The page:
4. Maintain strong psychological safety
In tough times, it’s important people feel as though they can be honest about their concerns and challenges. How comfortable they are to be open about these things has a lot to do with trust. Namely, trust that their concerns will be taken seriously, not disadvantage them, and help or support will be offered where possible. We call this sense of trust in openness psychological safety. You can maintain a strong sense of psychological safety by sharing some of your own concerns. Invite others to do the same. Actively show support for those that do share their concerns. You don’t have to do it openly in a team meeting or by ‘replying all’ to an email. Saying “some people have expressed concern that…” should suffice.
Be warned though, if you there is a low trust culture in your team, building strong psychological safety will be an uphill battle.
5. Embrace flexibility, with boundaries
As hard as these times are, this is an opportunity for you to ease in to the transition and for you and your staff to exercise some of the benefits of working from home together. This could mean your staff can spend more time with their kids while they don’t have to commute, or tweak their schedule to make it to mixed netball on Wednesdays.
But working from home for many can be a blessing and a curse. Working from home also comes with a well stocked fridge and pantry, a constant reminder of chores to be done, and unchecked access to social media. It is undeniable that people differ in their ability to self manage and avoid distractions.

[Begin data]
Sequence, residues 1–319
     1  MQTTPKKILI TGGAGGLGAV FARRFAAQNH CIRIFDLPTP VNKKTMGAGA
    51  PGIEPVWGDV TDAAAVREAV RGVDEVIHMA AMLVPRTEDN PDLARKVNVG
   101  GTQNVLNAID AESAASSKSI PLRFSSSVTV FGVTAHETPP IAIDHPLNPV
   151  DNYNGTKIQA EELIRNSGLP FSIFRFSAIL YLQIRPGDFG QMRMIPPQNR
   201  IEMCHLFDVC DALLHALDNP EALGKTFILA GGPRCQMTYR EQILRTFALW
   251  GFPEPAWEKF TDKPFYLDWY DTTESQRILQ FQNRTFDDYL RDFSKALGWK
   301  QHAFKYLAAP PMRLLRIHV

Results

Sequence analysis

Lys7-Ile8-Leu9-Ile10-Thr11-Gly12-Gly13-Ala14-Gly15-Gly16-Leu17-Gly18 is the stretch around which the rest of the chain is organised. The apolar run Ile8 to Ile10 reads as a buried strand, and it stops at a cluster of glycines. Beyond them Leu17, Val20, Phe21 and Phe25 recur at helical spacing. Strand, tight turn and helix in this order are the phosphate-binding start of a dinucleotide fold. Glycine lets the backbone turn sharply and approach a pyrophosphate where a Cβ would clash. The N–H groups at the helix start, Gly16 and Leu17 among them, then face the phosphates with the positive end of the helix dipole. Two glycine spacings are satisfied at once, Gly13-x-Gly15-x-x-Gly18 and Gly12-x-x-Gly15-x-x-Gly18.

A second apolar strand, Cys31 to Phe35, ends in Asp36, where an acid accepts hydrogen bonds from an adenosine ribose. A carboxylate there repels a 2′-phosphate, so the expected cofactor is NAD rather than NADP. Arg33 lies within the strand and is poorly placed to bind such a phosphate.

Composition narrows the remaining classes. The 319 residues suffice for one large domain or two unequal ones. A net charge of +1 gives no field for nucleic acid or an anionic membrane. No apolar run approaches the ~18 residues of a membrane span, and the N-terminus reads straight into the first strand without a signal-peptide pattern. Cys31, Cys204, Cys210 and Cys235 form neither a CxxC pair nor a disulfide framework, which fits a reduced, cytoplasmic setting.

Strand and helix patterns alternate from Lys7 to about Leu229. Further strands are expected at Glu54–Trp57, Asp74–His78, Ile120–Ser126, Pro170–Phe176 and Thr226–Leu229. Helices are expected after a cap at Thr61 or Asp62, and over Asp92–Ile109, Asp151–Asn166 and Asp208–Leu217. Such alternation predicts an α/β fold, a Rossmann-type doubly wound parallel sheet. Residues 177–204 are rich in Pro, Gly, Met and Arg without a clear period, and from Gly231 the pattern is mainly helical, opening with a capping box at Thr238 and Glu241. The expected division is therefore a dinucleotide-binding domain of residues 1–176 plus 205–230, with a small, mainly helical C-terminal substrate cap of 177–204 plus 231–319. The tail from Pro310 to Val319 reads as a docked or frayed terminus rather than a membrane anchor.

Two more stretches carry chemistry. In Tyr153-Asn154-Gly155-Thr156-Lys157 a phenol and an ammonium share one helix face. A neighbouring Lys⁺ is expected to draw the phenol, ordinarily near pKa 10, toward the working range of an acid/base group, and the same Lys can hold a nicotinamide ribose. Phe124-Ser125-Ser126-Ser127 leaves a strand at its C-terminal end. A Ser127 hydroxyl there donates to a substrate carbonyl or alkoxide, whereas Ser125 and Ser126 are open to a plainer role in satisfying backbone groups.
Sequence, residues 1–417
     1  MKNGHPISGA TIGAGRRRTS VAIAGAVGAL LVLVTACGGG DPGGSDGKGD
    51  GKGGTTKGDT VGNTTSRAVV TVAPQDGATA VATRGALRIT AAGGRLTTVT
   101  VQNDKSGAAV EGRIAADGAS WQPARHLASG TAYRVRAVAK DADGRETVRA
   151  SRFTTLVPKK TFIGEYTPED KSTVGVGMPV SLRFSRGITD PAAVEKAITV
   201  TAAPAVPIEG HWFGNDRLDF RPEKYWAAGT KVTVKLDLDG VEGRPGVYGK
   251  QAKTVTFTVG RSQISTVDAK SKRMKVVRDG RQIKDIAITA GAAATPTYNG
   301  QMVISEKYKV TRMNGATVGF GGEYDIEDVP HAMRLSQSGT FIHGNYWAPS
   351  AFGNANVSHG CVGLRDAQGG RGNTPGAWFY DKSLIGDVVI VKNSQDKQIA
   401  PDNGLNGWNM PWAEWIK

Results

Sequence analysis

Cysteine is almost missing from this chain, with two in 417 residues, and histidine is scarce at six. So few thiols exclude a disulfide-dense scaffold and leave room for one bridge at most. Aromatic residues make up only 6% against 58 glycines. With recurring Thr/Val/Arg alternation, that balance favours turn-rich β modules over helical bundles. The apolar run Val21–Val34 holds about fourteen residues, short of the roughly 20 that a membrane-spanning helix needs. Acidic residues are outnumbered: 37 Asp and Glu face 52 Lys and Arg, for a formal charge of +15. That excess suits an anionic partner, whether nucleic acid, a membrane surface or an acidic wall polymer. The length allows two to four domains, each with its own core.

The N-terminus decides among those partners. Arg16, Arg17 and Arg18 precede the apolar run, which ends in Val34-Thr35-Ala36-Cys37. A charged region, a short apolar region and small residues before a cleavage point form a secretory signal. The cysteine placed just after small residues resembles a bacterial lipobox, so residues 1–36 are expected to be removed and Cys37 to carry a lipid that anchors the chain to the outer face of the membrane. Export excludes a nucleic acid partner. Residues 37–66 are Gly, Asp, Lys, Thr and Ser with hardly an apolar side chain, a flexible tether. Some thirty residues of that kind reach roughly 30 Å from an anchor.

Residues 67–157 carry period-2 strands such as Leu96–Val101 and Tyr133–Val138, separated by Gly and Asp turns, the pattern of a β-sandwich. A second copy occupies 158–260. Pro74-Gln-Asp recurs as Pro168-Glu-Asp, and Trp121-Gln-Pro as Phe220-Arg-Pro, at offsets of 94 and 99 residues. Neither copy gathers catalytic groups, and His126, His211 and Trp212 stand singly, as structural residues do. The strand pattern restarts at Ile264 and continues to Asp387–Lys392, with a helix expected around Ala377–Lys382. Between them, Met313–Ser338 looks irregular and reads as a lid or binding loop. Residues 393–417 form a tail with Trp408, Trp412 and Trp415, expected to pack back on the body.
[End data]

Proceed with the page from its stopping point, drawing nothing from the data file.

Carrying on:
For those new to working from home, don’t be afraid to ask how they’re finding the transition. How much flexibility they can be afforded will differ based on the needs of your team and whether they’re meeting expectations. If they’re struggling with focus, there are plenty of strategies that can put in place to keep things on track and reduce distractions. The first step is awareness.
6. Share stories and foster a sense of connectivity
As a leader, part of your job is to keep your people connected to the bigger picture. While your office and broader community constantly revisit how best to mitigate the impact of Coronavirus, it will be important that your people have a trusted voice that can translate what the situation means for them.
But don’t forget that Coronavirus shouldn’t be the focus of all communications. Internal changes, outcomes of important meetings, promotions, retirements, success stories, and so on, are all important elements that help keep people feeling connected even from far away.
Of course, this was important when you were in the same office, except now you will have to work harder for it, and can’t rely on verbal updates or your team passing the news around. It’s on you to keep everyone up to date.